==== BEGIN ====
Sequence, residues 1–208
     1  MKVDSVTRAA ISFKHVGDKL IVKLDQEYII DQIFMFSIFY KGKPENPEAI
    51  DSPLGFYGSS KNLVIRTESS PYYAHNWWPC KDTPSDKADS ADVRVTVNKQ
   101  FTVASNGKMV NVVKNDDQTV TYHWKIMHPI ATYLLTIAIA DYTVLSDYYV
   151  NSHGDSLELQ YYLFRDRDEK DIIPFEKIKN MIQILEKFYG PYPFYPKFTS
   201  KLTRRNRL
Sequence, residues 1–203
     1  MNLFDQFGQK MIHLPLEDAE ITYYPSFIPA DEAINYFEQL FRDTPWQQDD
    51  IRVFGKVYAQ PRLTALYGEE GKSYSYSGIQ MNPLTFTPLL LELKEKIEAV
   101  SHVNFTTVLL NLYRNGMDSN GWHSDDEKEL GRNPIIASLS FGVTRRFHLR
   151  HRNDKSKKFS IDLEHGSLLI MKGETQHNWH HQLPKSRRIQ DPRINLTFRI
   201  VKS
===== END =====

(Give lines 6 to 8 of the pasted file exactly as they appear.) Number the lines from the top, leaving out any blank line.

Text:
   201  KLTRRNRL
Sequence, residues 1–203
     1  MNLFDQFGQK MIHLPLEDAE ITYYPSFIPA DEAINYFEQL FRDTPWQQDD